Implied powers are authoritative actions that aren't specifically granted to Congress in the Constitution but are considered necessary to fulfill governmental duties. For example, the Constitution allows Congress to raise an army, which is known as an "expressed power." Using a mandatory draft to recruit soldiers is an implied power.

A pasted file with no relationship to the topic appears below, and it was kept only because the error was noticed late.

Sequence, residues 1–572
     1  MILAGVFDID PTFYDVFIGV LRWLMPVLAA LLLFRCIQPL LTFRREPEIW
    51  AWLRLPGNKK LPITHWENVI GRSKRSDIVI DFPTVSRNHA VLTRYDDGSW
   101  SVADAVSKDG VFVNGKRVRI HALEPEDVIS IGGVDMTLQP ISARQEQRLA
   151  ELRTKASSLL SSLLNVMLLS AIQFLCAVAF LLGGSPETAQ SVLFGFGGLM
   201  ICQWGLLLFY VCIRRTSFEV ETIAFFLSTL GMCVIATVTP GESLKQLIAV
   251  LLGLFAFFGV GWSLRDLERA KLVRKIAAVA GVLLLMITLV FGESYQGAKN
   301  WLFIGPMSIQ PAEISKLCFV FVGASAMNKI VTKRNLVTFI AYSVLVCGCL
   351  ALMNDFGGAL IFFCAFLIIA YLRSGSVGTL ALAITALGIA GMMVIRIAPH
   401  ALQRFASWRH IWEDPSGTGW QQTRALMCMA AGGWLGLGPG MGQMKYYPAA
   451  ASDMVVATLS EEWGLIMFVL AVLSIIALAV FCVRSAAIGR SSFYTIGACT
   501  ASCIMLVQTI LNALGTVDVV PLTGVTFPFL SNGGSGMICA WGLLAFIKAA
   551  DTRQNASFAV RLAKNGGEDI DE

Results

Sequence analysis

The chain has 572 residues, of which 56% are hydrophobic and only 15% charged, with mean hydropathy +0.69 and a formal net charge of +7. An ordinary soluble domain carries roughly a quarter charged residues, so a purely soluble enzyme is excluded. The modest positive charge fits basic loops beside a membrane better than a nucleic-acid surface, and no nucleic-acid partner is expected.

The implied powers allow Congress to draft new laws at will, especially if the legislation protects the general populace or is considered crucial for upholding laws defined by the expressed powers. The founding fathers who were in favor of this policy wanted to ensure that the federal government could adapt its powers to changing needs and take action to address unforeseen problems. However, the vague definition of the implied powers has created controversy when new laws threaten to impose upon civil rights.